Fortunately, this one is a nice easy entry in. No shape-shifting, just plain simple solving. And unlike yesterday’s cubic puzzle – the layers are nice and chunky. I’m sure I’ve mentioned before my big hands, so the tiny layers of yesterday’s 3x3x9 make it a lot harder than it should be!!

In honesty, I don’t solve this one very often. I guess because it seems easy? Doesn’t stop me solving a 3×3 most days….

Anyway, here he is scrambled:


Back tomorrow with a shape shifter. See you then. 

26.7.16

Witeden 3x3x9


Here we go. Back with the cubic cuboids again. Ps – only 19 more to go….


Anyway. Back to it. This was a Christmas gift (from my sister, I think) – the Amazon wish list is a great thing! I think this was bought through Amazon, but I like the fact that you can bookmark products from other shops into your list as well. Distracted again. Sorry. 

Very much the same as yesterday, this is a cuboid puzzle but in a cube shape. The way I solve this one (not sure about others) would be to first orient the layers – pretty much solving it as a 3×3 cube but without worrying about piece placement, just so that the individual layers can then be turned. Then solve the layers as I would a normal cuboid – centre layer first, then basically domino solving each layer working outwards from the centre. 
There may be an easier or quicker way to go about it, but that’s the way I do it and I’m quite happy with it!!

It’s a very nicely made puzzle. Solid, sturdy, turns well with nice stickers.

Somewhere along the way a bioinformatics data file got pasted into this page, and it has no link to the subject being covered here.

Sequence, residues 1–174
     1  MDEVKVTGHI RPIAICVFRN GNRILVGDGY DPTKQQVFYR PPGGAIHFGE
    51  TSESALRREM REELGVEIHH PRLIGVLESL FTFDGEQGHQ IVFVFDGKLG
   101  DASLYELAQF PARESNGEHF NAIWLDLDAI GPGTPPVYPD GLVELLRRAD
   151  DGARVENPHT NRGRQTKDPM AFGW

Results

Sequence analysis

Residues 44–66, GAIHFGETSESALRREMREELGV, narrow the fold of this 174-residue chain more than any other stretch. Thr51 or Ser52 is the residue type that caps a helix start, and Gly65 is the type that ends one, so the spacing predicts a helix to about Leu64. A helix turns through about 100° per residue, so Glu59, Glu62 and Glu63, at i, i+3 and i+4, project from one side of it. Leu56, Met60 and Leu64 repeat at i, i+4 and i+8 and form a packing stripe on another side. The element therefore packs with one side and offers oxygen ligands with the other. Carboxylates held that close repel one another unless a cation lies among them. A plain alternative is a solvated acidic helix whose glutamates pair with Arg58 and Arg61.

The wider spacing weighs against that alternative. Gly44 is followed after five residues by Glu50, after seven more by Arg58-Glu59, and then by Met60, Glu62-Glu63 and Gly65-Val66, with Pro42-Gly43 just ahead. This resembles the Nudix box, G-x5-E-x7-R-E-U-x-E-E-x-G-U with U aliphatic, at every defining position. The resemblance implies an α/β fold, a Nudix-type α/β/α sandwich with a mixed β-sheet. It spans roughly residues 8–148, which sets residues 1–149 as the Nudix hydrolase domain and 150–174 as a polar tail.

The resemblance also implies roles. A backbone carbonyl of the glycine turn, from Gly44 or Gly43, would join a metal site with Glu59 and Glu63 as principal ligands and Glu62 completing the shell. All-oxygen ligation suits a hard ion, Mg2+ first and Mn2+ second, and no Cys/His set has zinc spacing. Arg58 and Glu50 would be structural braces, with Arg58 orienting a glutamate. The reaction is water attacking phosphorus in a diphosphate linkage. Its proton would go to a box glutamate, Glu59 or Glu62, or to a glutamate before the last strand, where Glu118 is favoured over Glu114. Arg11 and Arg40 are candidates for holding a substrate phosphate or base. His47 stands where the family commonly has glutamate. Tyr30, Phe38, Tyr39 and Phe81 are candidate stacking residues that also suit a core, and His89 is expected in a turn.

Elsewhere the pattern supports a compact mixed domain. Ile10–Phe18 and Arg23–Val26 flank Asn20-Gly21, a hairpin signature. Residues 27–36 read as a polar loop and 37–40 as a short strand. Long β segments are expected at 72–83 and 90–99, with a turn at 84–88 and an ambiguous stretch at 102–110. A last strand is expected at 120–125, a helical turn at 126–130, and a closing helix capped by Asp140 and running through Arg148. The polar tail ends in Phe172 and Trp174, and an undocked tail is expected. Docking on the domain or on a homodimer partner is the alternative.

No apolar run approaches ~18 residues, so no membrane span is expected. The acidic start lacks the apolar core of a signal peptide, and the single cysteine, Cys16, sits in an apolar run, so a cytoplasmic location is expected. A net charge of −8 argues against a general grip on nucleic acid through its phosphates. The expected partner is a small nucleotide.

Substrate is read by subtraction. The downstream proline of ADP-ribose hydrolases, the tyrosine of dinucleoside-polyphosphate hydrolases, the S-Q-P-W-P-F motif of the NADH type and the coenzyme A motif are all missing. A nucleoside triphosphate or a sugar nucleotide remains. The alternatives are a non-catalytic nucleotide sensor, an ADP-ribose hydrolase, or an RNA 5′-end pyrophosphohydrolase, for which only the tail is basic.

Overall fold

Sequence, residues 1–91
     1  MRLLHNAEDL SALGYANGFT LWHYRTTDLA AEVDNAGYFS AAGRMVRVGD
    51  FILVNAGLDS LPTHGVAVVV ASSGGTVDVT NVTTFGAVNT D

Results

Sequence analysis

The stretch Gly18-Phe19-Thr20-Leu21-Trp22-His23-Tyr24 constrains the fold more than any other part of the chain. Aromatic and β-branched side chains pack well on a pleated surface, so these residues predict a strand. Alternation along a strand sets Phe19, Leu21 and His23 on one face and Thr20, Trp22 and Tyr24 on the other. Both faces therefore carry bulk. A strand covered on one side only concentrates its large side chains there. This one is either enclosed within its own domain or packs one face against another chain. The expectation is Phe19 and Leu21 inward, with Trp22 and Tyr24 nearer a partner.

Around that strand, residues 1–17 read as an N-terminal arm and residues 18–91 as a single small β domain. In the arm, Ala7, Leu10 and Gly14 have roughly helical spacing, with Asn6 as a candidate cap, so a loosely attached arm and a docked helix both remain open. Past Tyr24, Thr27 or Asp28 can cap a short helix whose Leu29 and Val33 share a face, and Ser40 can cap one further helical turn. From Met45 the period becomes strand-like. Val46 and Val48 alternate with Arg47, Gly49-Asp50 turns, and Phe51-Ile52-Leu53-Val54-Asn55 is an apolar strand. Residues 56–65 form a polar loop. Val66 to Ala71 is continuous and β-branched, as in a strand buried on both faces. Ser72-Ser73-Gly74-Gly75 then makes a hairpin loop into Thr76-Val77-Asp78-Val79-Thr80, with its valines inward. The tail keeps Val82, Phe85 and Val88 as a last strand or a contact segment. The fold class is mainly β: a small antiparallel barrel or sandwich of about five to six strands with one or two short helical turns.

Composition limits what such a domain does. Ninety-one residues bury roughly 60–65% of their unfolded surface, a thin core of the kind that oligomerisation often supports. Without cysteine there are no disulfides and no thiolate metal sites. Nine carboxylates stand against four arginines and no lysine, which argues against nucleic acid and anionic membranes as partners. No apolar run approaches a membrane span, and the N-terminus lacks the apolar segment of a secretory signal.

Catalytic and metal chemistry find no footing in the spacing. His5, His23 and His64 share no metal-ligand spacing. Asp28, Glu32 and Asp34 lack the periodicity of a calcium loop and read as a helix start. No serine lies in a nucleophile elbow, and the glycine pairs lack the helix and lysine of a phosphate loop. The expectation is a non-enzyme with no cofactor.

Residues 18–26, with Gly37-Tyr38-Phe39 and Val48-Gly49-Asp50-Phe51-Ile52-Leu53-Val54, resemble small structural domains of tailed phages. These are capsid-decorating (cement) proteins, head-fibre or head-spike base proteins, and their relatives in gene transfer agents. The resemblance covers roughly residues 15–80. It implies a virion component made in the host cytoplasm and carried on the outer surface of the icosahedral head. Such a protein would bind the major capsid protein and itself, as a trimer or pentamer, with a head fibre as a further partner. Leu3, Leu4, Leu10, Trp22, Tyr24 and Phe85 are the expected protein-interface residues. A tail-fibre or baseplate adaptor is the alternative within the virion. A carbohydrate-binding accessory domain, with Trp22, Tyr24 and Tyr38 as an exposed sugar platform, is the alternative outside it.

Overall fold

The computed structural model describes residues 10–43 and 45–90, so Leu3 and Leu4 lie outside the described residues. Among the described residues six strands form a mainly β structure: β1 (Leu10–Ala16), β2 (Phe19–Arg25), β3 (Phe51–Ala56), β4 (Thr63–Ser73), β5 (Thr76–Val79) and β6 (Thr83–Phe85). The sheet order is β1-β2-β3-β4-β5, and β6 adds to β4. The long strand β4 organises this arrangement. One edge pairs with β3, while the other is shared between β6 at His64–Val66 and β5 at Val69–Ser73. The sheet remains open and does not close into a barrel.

A quick search shows these to be around £15. Not a bad price for a nice puzzle. There are different versions of this available – roadblocks (I think). The variation comes with the top and bottom centres also having three thin layers instead of the solid block on this one. I guess, just adding one more step to the solve. 

Anyway, nice puzzle. Not too tricky if you’re just getting in to cuboids. Give it a whirl!

Here it is scrambled:


Very nice. Reminds me of liquorice allsorts!

See you tomorrow!

25.7.16

Cube4You Cubic 3x3x5


Well, the countdown is on – 20 more working days left for me, so that means 20 more definite daily blogs. 


Anyway, this week I thought I would show some cuboids. Nothing majorly extravagant, all mass-produced, but still fun. 

Today’s is a cubic 3x3x5. You can see the middle layer is full-sized. I guess the benefit there is that you get a dual solve – the cuboid parts and then the standard 3×3. Well, I suppose you reshape it as a 3c3 to be able to move around the small layers, solve those and then solve the 3×3. 

It’s a nice puzzle, turns well with nice, thick stickers. 

Well under ten pounds from Z Cube. Not a bad transition from cubes to cuboids. 

Here it is scrambled:


See you tomorrow for more from the cuboid family.